Our most popular offering for teens! In this free-flowing, hands-on workshop, your students will learn to play hilarious improv games, just like on the old TV show Whose Line Is It, Anyway? Comedy Improv is a lot of fun and gives students a new performance technique in its own right. But improv can also help student actors develop collaboration skills, spontaneity, confidence, and stage presence for their script-based work. Follow this link for a photo gallery from a past Comedy Improv workshop. Because of the nature of Comedy Improv, the session descriptions below should be seen as a rough outline which is subject to change.
We’ll practice the bare bones of effective improv, including “Yes, And” and CROW (Character/ Relationship/ Objective/ Where).
Actors will practice working together and build their trust for one another. Effective collaboration is an indispensable part of good improv.
This session will introduce students to the first improv games of the sort that they might perform in front of an audience. Games include “World’s Worst” and “Press Conference.”
A good improviser doesn’t just tell jokes onstage–he or she creates a short story with a beginning, middle, and end. We’ll discuss ways to introduce and resolve conflict in improv scenarios.
Many young improvisers are instinctively scared of two things: Wholeheartedly committing to the work, and trusting others to create scenes. We’ll do a few exercises to help students understand why it’s important to overcome their fears.
This is the class everyone’s been waiting for! We’ll dive into some more advanced performance games, including “Soapbox,” “Foreign Poet,” and “Blind Date.”
Students will practice more games for performance, including “Pop-Up Storybook” and “What I Should Have Said.”
We’ll introduce the improvisers to “ABC Styles,” “Foreign Movie,” and “Returns Department.”
It seems counterintuitive that something as spontaneous as improv requires practice, but actually, it’s essential. The more students practice the games, the better they’ll do in front of an audience.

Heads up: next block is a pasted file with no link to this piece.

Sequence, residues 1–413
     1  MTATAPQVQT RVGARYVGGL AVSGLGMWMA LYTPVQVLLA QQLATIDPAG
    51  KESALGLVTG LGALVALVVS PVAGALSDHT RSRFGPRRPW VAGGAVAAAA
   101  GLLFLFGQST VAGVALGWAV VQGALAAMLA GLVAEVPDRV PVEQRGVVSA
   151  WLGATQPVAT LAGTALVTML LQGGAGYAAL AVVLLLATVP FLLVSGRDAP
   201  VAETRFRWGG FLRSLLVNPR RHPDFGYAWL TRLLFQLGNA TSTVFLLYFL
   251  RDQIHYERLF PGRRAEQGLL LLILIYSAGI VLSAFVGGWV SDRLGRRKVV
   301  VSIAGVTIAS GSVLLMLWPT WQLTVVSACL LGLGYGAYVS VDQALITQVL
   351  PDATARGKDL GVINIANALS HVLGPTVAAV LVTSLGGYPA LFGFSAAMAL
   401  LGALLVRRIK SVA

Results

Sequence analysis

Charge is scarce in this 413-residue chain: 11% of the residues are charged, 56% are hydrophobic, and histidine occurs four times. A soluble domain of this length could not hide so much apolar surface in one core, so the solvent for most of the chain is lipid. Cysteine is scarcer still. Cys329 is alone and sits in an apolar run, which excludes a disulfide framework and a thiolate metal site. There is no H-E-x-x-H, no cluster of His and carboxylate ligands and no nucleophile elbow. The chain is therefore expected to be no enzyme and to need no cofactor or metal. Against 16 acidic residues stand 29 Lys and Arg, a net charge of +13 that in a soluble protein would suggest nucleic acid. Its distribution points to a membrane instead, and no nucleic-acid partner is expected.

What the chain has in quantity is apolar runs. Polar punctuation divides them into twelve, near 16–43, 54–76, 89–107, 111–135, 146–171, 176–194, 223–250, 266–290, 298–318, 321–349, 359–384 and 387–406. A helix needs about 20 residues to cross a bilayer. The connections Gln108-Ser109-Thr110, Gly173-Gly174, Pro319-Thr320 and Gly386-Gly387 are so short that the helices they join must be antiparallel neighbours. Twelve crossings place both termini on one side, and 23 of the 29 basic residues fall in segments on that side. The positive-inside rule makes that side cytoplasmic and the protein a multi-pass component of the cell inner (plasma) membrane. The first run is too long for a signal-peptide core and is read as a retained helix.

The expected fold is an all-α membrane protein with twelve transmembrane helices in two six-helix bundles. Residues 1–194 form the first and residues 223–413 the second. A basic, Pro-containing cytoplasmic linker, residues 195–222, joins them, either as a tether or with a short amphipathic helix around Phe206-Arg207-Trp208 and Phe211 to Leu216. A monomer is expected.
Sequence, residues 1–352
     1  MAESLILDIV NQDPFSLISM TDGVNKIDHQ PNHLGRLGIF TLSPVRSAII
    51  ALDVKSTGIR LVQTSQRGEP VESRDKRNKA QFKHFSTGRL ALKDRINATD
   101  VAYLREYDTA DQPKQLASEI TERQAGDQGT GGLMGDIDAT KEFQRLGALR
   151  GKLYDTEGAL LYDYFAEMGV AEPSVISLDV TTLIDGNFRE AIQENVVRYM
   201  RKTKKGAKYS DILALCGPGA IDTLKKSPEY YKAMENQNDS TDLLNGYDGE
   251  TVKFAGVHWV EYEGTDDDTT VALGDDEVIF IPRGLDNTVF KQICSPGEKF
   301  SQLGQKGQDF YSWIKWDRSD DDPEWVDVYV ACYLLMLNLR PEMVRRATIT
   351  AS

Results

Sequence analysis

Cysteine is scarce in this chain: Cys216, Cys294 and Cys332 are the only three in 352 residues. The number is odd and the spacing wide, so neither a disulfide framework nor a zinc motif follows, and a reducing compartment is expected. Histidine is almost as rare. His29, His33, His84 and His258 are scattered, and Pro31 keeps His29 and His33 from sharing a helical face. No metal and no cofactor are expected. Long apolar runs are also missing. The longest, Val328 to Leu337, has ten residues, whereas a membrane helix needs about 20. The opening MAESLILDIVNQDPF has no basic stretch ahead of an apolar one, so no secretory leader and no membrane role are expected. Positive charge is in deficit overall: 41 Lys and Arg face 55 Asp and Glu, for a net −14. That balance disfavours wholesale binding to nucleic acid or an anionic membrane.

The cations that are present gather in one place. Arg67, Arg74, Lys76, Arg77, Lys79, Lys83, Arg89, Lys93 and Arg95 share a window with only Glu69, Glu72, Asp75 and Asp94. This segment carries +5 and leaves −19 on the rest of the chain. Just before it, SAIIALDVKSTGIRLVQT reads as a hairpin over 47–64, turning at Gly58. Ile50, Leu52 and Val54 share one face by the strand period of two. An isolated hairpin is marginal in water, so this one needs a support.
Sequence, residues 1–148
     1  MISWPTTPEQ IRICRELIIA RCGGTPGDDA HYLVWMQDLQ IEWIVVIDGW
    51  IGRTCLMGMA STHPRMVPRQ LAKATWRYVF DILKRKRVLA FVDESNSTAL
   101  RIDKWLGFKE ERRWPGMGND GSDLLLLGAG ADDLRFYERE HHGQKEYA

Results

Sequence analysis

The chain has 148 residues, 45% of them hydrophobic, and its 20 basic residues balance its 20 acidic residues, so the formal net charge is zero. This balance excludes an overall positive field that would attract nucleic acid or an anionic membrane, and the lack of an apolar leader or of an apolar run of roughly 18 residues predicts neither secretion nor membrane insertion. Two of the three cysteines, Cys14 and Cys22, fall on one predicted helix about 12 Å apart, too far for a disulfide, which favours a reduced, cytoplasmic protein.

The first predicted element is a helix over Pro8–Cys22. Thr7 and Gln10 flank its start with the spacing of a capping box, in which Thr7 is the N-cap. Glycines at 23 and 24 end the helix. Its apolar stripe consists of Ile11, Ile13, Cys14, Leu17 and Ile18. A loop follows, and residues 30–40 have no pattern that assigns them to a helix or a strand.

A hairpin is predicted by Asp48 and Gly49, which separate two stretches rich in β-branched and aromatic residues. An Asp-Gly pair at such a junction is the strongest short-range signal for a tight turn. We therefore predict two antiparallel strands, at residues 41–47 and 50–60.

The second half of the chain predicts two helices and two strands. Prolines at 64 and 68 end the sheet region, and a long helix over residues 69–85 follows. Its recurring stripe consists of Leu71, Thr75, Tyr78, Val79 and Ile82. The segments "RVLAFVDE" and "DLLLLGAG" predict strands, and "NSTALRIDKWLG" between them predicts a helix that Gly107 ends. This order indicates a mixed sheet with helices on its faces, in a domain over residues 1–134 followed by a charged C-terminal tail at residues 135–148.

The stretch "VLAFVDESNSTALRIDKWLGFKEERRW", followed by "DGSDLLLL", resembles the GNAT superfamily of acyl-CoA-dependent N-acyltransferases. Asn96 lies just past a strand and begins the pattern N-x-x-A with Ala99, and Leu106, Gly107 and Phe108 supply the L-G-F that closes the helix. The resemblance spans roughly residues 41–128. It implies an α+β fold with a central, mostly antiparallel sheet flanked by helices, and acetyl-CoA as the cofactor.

Students will perform an improv showcase for an invited audience of family and friends!
Learn the basic techniques used by actors around the world as they prepare roles! These workshops will help students understand and practice the fundamentals of “Method” Acting. We’ll start off with an introduction to the actor’s instrument with exercises in vocal and physical expression. Then we’ll discuss acting techniques including concentration, actions, objectives, sensory and emotional memory, characterization, subtext, and expectations. Plus, we’ll use classroom exercises, improvisation, and open scenes to give students hands-on practice with every skill we cover.
We’ll encourage students to make full use of their voices and bodies through a series of physical and vocal warmups. Students will continue to express themselves in a series of collaborative movement exercises.
Young actors often feel like the need to “perform” when they step onstage, resulting in stilted and unnatural portrayals. We’ll help students see how concentrating on real actions in an imagined situation can help them deliver a truthful performance.
We’ll dive into the world of objectives, tactics, and obstacles. Students will rehearse and perform open scenes to practice their newfound skills.
Most of us don’t practice becoming a different person very often–but when your director hands you a script, that’s exactly what you need to do! This workshop will give students hands-on experience in using internal and external resources to build a character.
What happens when your character needs to have an intense experience onstage–say, mourning a loss or avenging a betrayal? Setting high expectations with your objective, as well as using the techniques of sensory and emotional memory, can help.